|By Chris Jones, Las Vegas Review-Journal|
Knight Ridder/Tribune Business News
Oct. 2, 2004 - Saying sayonara to a recent widespread reluctance to travel abroad, an increasing number of Japanese are expected to visit the United States this year, a new study says.
Local travel leaders are optimistic Japan's 2004 travel renaissance will be a boon to Las Vegas, which has seen a steady decline in Japanese visitor counts in each of the past three years.
This year's Las Vegas-area Japanese visitor count won't be available until well into 2005, but the Travel Industry Association of America, a Washington-based trade organization, in September released a research study that focused on Japanese travel demand within the United States.
The 35-page study found Japan's improving economy has renewed its citizens' consumer confidence, a key component in their willingness to travel. Coupled with the yen's strength against the dollar, the association has estimated the number of Japanese visiting this country will this year climb by 7.2 percent to 3.4 million.
"All signs point to robust growth in Japanese arrivals to the United States," the report read.
Kyosuke Okada, who represents the Las Vegas Convention and Visitors Authority in Japan, said few foreign cities will benefit from that turnaround more than Las Vegas.
"Among major destinations in the U.S. mainland, Las Vegas has been and still is the number one selling destination for tour operators," Okada wrote Friday in an e-mail from Tokyo.
Las Vegas' market share among various tour operators ranges from 30 percent to 60 percent, Okada added. That's particularly important in Japan, where tour companies and travel agencies book more than 70 percent of all overseas trips, TIA's survey said.
Okada said the outbreak of bird flu and severe acute respiratory syndrome, terror threats and U.S.-led invasion of Iraq kept many Japanese from traveling last year. Those concerns had an opposite effect in 2004, however.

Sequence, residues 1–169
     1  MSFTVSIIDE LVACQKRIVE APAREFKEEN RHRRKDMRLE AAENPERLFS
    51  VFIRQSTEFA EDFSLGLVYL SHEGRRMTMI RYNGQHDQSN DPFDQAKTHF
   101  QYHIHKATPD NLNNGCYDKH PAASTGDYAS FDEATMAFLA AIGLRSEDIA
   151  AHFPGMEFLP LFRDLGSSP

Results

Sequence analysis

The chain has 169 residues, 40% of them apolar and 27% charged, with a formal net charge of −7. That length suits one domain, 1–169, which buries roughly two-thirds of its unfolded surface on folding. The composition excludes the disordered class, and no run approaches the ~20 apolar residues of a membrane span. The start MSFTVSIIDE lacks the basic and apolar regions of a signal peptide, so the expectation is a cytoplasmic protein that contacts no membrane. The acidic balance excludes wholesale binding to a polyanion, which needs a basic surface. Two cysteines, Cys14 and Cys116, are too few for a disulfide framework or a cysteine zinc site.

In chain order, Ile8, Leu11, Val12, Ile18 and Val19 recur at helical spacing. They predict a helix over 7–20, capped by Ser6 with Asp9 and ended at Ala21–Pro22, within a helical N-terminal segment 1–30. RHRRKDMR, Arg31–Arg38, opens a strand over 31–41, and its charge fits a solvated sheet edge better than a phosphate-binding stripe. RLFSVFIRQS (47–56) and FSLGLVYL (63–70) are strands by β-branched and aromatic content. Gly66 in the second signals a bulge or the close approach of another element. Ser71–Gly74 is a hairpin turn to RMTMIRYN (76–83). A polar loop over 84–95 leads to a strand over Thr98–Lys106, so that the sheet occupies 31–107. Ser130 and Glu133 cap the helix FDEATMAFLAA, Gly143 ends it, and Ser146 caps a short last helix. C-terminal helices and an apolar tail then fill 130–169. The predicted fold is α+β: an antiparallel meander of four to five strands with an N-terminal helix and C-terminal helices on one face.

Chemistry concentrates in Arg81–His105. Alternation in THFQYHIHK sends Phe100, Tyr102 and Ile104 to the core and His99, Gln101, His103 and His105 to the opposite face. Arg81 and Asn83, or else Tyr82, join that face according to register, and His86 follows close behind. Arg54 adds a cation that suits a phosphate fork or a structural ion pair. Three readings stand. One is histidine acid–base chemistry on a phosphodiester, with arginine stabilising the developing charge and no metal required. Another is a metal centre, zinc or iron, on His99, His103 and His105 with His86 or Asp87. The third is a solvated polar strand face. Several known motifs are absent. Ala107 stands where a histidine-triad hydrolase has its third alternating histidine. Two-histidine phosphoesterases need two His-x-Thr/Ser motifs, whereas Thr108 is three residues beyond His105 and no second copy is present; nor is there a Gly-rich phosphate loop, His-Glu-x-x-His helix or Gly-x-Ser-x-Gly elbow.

"The pent-up demand for outbound travel in general from Japan is very strong this year as Japanese people refrained from traveling last year due to various negative factors," Okada said. "Naturally, they are tired of staying home and they started to travel again earlier this year."
Though many Japanese come here after arriving at a different U.S. city, Tokyo-based Japan Airlines has offered direct service to McCarran International Airport since 1998.
The company halted its then four weekly Las Vegas flights for about five months following the terror attacks of Sept. 11, 2001, and subsequent concerns surrounding last year's health and political concerns caused the cancellation of several flights here in early 2003.
Business has bounced back this year. Through August, JAL carried 55,129 passengers through McCarran, up 46 percent compared with the same eight-month period a year ago.
Last year, the U.S. Department of Commerce estimated 168,000 Japanese visited the Las Vegas area.
This year's gains are welcome, but Las Vegas is still projecting well below its 2000 level, when an estimated 511,000 Japanese came to town.
That year, JAL's passenger count through August was 81,857, or 32 percent better than this year despite competitive direct-to-Japan service operated four years ago by Northwest Airlines and charter operator All Nippon Airways.
Northwest pulled its Las Vegas-Japan flights in early 2001, a move one local observer said resulted from JAL's strong ties to Japanese tour group operators. All Nippon last flew here in 2002.
Estimated number of Japanese visitors to Las Vegas:
Source: U.S. Department of Commerce, Las Vegas Convention and Visitors Authority
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